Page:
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Brunei Becomes First Country To Put Death Penalty For Gay Sex

Brunei Becomes First Country To Put Death Penalty For Gay Sex

Brunei has begun to implement a new Sharia-based penal code. It will soon impose death by stoning as a possible punishment for crimes including rape, adultery, and same-sex activity.

Brunei is a former British protectorate nestled between two Malaysian states on Borneo island. The population of 400,000 — 67% of whom are Muslim and therefore subject to the Sharia law — is ruled by a sultan.

Brunei was the first East Asian country to introduce Islamic criminal law in 2014. They announced the first of three stages of legal changes that included fines or jail. That included offences like pregnancy outside marriage or failing to pray on Friday.

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Sultan Hassanal Bolkiah, who is also the prime minister, called the law a “great achievement” for the Southeast Asian country.

“The decision to implement the (penal code) is not for fun but is to obey Allah’s command as written in the Quran,” he said in a speech Wednesday, announcing the launch. The Sultan was also quoted as saying that his government “does not expect other people to accept and agree with it. But that it would suffice if they just respect the nation in the same way that it also respects them.”

What pro-LGBT campaigners think

Previously homosexuality was illegal in Brunei and punishable by up to 10 years imprisonment. But the changes would allow whipping and stoning to death for Muslims. It will be implemented if they guilty of adultery, sodomy and rape, said human rights groups.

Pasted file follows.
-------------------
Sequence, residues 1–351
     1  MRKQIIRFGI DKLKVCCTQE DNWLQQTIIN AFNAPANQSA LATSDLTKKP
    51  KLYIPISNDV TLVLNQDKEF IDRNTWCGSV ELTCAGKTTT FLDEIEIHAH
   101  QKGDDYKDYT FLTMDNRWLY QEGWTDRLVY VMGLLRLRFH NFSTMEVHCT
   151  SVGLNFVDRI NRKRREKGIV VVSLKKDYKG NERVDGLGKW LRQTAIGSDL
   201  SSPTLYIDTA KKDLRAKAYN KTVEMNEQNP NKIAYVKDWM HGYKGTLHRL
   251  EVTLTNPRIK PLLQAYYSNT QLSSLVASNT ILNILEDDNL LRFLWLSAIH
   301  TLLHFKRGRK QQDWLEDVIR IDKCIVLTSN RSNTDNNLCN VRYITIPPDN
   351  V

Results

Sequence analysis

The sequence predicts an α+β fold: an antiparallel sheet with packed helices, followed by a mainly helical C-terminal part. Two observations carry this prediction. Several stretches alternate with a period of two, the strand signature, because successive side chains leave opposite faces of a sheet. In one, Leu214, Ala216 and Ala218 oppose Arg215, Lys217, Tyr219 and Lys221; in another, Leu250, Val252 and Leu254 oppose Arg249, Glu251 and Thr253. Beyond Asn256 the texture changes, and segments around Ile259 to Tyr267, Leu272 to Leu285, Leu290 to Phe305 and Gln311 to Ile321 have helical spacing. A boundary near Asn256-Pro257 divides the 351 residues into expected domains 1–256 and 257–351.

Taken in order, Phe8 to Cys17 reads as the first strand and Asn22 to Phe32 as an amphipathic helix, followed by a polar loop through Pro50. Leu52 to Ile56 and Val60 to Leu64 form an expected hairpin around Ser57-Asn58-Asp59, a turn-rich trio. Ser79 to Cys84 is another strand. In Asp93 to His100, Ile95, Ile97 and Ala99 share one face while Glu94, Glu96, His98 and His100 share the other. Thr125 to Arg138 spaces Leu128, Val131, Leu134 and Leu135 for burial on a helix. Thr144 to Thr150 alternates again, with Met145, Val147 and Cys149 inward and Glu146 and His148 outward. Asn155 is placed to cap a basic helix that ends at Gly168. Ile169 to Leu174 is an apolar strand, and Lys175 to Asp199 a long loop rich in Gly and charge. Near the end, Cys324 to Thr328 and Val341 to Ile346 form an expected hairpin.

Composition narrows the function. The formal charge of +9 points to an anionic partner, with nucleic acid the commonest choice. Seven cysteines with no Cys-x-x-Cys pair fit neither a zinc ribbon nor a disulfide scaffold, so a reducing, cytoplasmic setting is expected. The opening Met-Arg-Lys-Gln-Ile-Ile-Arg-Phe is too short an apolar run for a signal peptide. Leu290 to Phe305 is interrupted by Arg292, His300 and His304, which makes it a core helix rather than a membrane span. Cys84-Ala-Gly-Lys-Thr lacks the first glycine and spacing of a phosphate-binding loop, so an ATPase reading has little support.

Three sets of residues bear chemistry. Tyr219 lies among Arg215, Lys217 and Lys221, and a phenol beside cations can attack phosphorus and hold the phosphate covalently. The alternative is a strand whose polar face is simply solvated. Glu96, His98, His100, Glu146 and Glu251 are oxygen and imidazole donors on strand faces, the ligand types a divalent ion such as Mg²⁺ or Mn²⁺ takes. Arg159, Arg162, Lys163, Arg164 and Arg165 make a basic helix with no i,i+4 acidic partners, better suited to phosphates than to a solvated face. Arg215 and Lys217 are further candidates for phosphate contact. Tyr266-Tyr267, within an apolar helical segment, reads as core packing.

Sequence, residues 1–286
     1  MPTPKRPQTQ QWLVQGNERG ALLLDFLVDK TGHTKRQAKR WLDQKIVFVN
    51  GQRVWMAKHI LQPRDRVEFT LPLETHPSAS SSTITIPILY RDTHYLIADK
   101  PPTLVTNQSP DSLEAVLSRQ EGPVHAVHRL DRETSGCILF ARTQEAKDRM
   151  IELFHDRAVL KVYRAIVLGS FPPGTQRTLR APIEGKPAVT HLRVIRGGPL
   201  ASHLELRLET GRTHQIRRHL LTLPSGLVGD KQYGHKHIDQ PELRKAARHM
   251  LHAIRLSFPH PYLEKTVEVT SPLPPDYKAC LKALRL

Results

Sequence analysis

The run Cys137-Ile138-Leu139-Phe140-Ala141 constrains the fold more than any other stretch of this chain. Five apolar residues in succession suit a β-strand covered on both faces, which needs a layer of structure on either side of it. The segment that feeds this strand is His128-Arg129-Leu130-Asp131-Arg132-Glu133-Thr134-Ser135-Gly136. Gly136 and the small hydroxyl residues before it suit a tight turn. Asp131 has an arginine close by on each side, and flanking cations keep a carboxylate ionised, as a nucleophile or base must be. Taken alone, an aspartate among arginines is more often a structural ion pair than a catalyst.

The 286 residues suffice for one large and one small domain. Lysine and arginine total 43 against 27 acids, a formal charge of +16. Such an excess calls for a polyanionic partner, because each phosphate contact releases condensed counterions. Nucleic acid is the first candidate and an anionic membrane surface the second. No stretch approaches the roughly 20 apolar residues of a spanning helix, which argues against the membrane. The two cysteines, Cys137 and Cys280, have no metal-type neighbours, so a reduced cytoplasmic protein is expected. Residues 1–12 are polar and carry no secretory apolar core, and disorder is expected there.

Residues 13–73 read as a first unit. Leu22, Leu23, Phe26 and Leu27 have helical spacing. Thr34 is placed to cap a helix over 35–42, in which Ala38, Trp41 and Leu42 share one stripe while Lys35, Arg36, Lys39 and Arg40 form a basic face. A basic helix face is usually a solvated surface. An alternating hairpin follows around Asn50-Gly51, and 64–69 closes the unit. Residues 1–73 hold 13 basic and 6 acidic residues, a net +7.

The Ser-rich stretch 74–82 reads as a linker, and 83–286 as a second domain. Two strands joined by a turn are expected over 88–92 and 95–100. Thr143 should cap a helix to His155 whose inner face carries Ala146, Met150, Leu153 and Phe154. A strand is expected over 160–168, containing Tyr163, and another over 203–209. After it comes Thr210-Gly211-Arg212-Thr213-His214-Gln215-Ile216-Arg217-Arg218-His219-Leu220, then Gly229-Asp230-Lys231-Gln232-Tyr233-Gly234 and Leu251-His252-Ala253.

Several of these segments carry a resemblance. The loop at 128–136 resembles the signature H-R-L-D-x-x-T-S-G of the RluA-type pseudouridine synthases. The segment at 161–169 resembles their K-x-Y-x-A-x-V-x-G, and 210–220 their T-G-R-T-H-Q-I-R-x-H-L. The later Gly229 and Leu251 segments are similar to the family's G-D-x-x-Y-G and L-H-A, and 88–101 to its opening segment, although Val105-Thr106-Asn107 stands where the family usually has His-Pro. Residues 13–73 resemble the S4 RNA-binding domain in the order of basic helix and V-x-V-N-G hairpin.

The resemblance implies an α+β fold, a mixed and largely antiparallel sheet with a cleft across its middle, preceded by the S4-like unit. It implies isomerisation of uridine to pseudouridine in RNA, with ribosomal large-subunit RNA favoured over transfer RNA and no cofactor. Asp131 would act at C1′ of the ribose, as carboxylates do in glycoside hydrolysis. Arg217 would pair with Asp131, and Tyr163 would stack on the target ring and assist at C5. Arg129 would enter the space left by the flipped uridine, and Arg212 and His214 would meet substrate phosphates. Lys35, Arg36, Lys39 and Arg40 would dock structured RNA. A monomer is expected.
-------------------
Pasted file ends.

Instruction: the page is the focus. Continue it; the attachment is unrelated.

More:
“We are trying to get pressure placed on the government of Brunei but realize there is a very short time frame until the laws take effect,” the Australia-based campaigner said, calling on governments to step up diplomatic pressure on Brunei.

“It took us by surprise that the government has now given a date and is rushing through implementation,” he said.

Phil Robertson of Human Rights Watch warned that implementation of the law “will quickly drive the country towards human rights pariah status in the eyes of foreign investors, tourists, and international agencies”.

He added: “If this ill-considered plan goes forward, there is every reason to believe the global boycott Brunei movement will re-start.”

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Brunei’s Sultan is no stranger to controversy at home. The monarchy was deeply embarrassed by a family feud with his brother Jefri. He alleged embezzlement of $15 billion during his tenure as finance minister in the 1990s.

Court battles and investigations revealed salacious details of Jefri’s un-Islamic lifestyle. That included claims of a high-priced harem of foreign women and a luxury yacht he owned called “Tits”.

Source – yahoo.com, abc.net.au, reuters.com, msnbc.com

 

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